# Section 2.4: Problem 9 Solution

Working problems is a crucial part of learning mathematics. No one can learn... merely by poring over the definitions, theorems, and examples that are worked out in the text. One must work part of it out for oneself. To provide that opportunity is the purpose of the exercises.
James R. Munkres
(Re-replacement lemma) (a) Show by example that $(\phi_{y}^{x})_{x}^{y}$ is not in general equal to $\phi$ . And that it is possible both for $x$ to occur in $(\phi_{y}^{x})_{x}^{y}$ at a place where it does not occur in $\phi$ , and for $x$ to occur in $\phi$ at a place where it does not occur in $(\phi_{y}^{x})_{x}^{y}$ .
(b) Show that if $y$ does not occur at all in $\phi$ , then $x$ is substitutable for $y$ in $\phi_{y}^{x}$ and $(\phi_{y}^{x})_{x}^{y}=\phi$ . Suggestion: Use induction on $\phi$ .
(a) Let us temporarily call an instance of variable $x$ (or $y$ ) bounded by $\forall z$ iff the instance is within some subformula $\forall z\alpha$ of $\phi$ . Then, every instance of $x$ or $y$ in $\phi$ will become $x$ or $y$ depending on whether it is bounded by $\forall x$ and/or $\forall y$ (for cases). In two of these cases, if a variable is not bounded by $\forall y$ (regardless of whether it is bounded by $\forall x$ or not), it will eventually become $x$ in $(\phi_{y}^{x})_{x}^{y}$ . If the variable is bounded by $\forall y$ , then depending on whether it is bounded by $\forall x$ or not, it will, correspondingly, remain the same as in $\phi$ or become $y$ in $(\phi_{y}^{x})_{x}^{y}$ . Therefore, we have several potential cases when $x$ may become $y$ and $y$ may become $x$ . Based on this, consider $\phi$ equal to $Py\rightarrow\forall yPx$ . Then $(\phi_{y}^{x})_{x}^{y}=Px\rightarrow\forall yPy$ , where a free $x$ turned out to be $y$ and a free $y$ turned out to be $x$ .
Based on this observation, it is clear that if there is no $y$ in $\phi$ then a) no $y$ can become $x$ (no extra $x$ ’s), and b) no $x$ is bounded by $\forall y$ , hence, no $x$ can become $y$ (no missing $x$ ’s). A more formal prove is given in (b).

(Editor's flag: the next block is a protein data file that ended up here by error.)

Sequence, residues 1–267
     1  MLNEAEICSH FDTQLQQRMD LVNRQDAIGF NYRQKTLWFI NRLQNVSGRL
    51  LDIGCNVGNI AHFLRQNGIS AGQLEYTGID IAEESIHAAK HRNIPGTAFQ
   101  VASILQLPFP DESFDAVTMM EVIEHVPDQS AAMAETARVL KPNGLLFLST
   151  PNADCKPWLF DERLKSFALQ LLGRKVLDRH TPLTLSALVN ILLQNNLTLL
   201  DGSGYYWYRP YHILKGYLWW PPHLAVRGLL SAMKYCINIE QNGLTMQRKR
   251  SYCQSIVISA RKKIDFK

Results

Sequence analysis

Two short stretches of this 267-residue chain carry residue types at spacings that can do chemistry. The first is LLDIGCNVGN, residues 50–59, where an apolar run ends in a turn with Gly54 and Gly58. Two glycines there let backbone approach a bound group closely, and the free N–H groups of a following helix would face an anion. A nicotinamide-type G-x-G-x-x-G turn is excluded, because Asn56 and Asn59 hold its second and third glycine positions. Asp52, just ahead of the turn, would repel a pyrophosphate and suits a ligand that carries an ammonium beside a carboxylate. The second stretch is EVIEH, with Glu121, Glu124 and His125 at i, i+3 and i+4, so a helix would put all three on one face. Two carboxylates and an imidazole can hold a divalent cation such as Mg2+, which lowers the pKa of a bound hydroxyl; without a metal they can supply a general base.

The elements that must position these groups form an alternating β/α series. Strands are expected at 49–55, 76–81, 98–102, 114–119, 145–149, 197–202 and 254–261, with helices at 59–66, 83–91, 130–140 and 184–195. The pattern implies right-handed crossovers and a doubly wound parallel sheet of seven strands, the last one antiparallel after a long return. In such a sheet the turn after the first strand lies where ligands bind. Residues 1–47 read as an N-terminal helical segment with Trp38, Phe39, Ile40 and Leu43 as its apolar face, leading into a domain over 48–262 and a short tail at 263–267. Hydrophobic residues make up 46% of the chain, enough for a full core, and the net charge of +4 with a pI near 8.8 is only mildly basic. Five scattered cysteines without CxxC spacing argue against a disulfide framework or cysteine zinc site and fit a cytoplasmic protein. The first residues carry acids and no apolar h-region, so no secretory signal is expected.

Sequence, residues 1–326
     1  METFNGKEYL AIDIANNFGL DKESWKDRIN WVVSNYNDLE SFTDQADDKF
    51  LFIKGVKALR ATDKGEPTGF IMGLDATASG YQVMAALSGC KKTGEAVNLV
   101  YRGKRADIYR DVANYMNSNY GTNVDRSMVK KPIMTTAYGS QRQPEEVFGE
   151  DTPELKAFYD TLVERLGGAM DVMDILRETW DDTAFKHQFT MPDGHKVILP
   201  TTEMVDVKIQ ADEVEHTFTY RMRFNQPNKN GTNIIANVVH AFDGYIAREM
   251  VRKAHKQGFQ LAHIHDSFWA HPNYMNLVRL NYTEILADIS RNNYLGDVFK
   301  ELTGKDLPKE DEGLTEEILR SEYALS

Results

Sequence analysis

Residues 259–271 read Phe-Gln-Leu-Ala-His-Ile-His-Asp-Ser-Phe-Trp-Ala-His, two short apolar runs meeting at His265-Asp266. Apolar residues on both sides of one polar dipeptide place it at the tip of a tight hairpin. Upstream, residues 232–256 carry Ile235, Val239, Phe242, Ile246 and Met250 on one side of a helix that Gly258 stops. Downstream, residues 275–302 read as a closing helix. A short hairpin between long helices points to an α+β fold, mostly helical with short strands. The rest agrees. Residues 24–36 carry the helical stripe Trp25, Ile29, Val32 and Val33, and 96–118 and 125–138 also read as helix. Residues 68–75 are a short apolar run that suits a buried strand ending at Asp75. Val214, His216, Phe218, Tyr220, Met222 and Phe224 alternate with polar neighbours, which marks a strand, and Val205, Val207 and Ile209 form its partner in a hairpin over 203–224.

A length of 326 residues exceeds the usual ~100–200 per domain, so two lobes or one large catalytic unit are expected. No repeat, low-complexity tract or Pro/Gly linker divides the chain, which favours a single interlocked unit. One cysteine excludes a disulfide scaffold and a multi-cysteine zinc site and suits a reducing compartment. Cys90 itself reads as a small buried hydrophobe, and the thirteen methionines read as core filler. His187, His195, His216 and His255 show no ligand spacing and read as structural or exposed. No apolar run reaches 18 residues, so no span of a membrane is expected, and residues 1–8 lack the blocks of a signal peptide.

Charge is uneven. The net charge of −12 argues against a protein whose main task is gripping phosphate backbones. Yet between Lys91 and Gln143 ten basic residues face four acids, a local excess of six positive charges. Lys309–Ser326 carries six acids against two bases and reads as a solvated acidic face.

(b) As suggested we show the statement by induction. For a variable or constant symbol $z\neq y$ , if $z\neq x$ , then $\phi_{y}^{x}=(\phi_{y}^{x})_{x}^{y}=z$ , otherwise $\phi_{y}^{x}=y$ and $(\phi_{y}^{x})_{x}^{y}=x=z$ . For a term $t=f_{i}t_{1}\ldots t_{n}$ that does not contain $y$ , by induction, $(t_{y}^{x})_{x}^{y}=f_{i}((t_{1})_{y}^{x})_{x}^{y}\ldots((t_{n})_{y}^{x})_{x}^{y}=f_{i}t_{1}\ldots t_{n}=t$ . Similarly, for an atomic formula $\phi=Pt_{1}\ldots t_{n}$ that does not contain $y$ , by induction, $(\phi_{y}^{x})_{x}^{y}=P((t_{1})_{y}^{x})_{x}^{y}\ldots((t_{n})_{y}^{x})_{x}^{y}=Pt_{1}\ldots t_{n}=\phi$ (and $x$ is substitutable for $y$ in $\phi_{y}^{x}$ because the latter is an atomic formula as well).
Further, by definition and induction, if $\alpha$ and $\beta$ not containing $y$ are such that $x$ is substitutable for $y$ in $\alpha_{y}^{x}$ and $\beta_{y}^{x}$ , $(\alpha_{y}^{x})_{x}^{y}=\alpha$ and $(\beta_{y}^{x})_{x}^{y}=\beta$ , then a) $(\neg\alpha)_{y}^{x}=\neg\alpha{}_{y}^{x}$ , $x$ is substitutable for $y$ in it, and , and b) $((\alpha\rightarrow\beta)_{y}^{x})=\alpha_{y}^{x}\rightarrow\beta_{y}^{x}$ , $x$ is substitutable for $y$ in it, and $((\alpha\rightarrow\beta)_{y}^{x})_{x}^{y}=(\alpha_{y}^{x})_{x}^{y}\rightarrow(\beta_{y}^{x})_{x}^{y}=\alpha\rightarrow\beta$ . Moreover, $(\forall x\alpha)_{y}^{x}=\forall x\alpha$ not containing $y$ at all, and $(\forall z\alpha)_{y}^{x}=\forall z\alpha_{y}^{x}$ , $z\notin\{x,y\}$ , $x$ does not occur free, hence, is substitutable for $y$ in it, and $((\forall z\alpha)_{y}^{x})_{x}^{y}=\forall z(\alpha_{y}^{x})_{x}^{y}=\forall z\alpha$ .